The Dota 2 community has woken up this morning to a brand new game. Yes, the MOBA looks and plays identically – but all of its assets and code appear to have been ported over to a new engine. Valve’s new engine: the fabled Source 2.
Dota’s map editor, Hammer, has received a major update. That’s in line with the alpha release of the game’s Workshop tools Valve announced yesterday.
“This is the first release of a new set of tools to create, play, and share custom maps and game modes for Dota 2,” wrote Valve. “This is a developer focused release and currently has high system requirements which means not everyone will be able to run the tools.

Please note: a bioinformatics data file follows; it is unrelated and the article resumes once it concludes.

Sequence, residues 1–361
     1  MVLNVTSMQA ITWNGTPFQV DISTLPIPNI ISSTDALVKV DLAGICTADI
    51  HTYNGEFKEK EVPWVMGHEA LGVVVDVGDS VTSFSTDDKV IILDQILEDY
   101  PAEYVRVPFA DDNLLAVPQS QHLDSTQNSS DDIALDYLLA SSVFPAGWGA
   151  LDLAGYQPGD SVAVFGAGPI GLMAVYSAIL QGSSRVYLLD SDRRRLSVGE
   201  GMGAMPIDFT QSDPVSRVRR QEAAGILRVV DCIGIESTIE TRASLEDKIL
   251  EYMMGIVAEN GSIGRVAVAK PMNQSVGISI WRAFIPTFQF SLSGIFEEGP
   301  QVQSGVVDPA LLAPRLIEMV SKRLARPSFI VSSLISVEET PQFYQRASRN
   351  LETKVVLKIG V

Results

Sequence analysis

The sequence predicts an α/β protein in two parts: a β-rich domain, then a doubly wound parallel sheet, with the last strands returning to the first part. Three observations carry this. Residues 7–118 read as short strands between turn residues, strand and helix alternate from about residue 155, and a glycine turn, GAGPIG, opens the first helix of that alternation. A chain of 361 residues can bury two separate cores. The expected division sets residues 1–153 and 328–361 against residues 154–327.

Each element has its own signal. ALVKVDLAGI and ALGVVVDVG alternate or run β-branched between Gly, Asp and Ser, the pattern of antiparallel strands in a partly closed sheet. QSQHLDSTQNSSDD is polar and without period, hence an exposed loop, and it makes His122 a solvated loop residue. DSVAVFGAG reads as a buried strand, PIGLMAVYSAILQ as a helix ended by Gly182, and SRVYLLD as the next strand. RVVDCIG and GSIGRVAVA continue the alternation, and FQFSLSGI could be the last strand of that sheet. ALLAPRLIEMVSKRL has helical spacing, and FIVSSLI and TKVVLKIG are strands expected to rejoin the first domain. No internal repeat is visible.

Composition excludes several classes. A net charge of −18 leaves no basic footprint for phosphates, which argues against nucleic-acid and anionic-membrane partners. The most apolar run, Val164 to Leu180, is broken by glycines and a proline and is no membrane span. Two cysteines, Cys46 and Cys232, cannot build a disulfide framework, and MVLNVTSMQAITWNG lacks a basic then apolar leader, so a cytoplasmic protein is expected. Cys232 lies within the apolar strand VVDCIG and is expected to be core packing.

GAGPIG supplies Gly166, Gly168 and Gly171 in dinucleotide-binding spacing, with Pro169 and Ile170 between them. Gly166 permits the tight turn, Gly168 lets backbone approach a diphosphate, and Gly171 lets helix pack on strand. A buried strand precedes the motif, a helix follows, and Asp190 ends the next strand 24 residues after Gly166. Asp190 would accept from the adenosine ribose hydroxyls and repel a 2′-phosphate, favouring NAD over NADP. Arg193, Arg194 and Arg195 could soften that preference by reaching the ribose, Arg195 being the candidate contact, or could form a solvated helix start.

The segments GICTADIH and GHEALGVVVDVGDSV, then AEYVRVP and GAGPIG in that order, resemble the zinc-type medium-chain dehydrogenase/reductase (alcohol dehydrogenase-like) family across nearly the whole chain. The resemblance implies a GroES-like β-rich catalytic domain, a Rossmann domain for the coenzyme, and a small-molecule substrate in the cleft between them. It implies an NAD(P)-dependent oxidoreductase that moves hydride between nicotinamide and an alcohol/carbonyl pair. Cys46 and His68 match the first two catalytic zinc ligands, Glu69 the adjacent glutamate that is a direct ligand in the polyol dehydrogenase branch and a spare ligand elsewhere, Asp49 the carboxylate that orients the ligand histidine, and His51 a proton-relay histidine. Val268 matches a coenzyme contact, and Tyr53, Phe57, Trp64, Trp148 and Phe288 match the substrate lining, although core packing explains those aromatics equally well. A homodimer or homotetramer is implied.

“We are working on expanding the number of PC configurations that will be able to run this but wanted to get the tools out there so developers could start working on their Custom Games.”
But those community developers have noticed changes with far bigger implications. The console – the command line user interface that allows users to modify Dota 2 – has been revamped. Key files in the game have been sequelised: ‘engine2.dll’, ‘vconsole2.exe’ and ‘vphysics2.dll’.
The Source reverse engineering community on reddit is in agreement: the new scripting architecture represents a serious amount of new engine work. And to top it off, Hammer now explicitly offers a non-default ‘Source 1.0’ file type.
There isn’t much of this that’s visible on the surface. Dota 2 plays much as it did. But roll on Left 4 Dead 3, eh?